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I find this to be some what funny, because I asked that same question when I first made my transition to Linux. If your harddrive is Formated under linux file system, such as ext2, ext3, ext4... or other linux variants, fragmentation does not occur because at the time that a file is created, it also allocates additional space for future changes, which actually keeps the file in location. If your system is acting slow, there may be other causes... such as a process taking
up all your memory, a program that didn't install properly, low system memory, or last... failing Hard Drive. Hope this helps.
I have noticed that with kernels 3.10.x and newer, they've changed something in filesystem or file handling that really does make defragmenting obsolete. There are plenty of scripts out there that can defragment, and I do use one, but with kernel 3.10.x it doesn't need to defrag anything, because it seems to be done automatically, or at least file placement is such that it is not needed.
So, I would agree that it is no longer needed with newer kernels.
There hasn't been any need to defragment disks since version 1... and the Ext2 filesystem.
What happens is that the disk uses a more optimum allocation that minimizes fragmentation.
Fragmentation only becomes an issue if you operate the filesystem for long periods of time at 98% capacity or higher.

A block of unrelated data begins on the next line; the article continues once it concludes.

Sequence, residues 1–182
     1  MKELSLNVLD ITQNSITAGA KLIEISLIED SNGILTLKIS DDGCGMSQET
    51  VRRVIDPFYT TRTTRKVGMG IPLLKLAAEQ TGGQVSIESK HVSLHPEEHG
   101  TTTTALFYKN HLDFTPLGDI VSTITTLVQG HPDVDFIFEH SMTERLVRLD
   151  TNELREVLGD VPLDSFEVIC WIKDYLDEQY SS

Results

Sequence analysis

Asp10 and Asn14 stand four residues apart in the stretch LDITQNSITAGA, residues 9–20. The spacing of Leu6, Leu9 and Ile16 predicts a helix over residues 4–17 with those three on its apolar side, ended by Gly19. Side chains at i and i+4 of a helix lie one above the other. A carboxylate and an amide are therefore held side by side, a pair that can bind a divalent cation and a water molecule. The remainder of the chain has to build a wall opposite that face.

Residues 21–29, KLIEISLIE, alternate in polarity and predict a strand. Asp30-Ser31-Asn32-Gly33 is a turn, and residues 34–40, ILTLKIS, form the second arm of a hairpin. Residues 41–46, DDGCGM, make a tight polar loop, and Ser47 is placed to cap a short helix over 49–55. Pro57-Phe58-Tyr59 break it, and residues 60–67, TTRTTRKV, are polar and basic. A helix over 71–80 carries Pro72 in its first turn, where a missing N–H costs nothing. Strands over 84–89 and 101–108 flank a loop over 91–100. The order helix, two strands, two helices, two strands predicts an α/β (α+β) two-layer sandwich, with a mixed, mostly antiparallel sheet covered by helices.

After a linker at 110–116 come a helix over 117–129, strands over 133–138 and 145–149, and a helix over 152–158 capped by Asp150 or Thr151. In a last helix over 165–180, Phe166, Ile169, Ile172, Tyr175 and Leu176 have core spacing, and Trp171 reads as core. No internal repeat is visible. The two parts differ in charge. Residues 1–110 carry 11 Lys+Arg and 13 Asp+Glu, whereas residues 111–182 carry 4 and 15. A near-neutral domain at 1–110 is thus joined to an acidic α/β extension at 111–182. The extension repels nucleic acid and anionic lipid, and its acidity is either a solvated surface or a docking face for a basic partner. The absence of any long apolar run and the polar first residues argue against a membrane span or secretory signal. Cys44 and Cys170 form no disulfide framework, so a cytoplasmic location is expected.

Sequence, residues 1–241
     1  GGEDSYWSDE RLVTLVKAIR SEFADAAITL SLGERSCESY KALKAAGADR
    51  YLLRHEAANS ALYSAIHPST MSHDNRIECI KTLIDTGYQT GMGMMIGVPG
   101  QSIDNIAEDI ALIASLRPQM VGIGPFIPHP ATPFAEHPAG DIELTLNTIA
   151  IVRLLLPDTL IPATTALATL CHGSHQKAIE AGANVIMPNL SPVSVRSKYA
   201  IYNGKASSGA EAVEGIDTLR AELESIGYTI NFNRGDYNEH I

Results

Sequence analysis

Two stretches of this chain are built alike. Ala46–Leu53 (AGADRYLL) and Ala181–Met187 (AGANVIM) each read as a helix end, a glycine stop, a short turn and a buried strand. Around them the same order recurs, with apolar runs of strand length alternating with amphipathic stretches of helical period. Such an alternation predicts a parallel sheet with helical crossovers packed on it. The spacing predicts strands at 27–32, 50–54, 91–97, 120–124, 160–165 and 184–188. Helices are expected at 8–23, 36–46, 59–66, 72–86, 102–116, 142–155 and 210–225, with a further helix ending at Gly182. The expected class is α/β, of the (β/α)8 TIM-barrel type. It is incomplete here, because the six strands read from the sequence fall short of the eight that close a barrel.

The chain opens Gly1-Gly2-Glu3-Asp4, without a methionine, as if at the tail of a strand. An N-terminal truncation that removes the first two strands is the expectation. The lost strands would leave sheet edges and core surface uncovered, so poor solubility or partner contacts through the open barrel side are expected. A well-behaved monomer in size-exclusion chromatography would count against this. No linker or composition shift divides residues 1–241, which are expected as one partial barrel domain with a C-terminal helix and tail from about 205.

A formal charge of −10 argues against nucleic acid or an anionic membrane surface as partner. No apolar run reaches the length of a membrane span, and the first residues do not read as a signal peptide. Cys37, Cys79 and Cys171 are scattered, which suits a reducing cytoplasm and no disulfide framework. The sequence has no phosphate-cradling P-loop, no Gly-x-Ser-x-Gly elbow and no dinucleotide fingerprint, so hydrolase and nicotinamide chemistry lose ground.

By default, Linux native filesystems prevent that (well, reduce the occurance) by reserving 10% of the disk capacity for the root user, and being able to relocate blocks itself. This allows a reasonable overhead that minimizes the impact of fragmentation (it keeps it under around 1.5%). The 10% amount is only a default, it can be tuned for TB filesystems (where 10% is 10G) and set to 1% for such filesystems (see tunefs).
Some of the newer filesystems (btrfs, ext4fs) have an internal defragmenter that does optimize storage, but it isn't necessary to invoke it as it is built in. There are commands to defragment, but I believe these are just passed to the filesystem code to reallocate data.
The only time things got a bit dicey for me was when I filled the disk... Cleanup, get the free space down to 40/50 percent, and the fragmentation takes care of itself.
In my case, it was the root filesystem - and it was the logs that filled it. As the fragmented logs were deleted (age), the recovered space was no longer fragmented. I just needed to keep up with the logs better...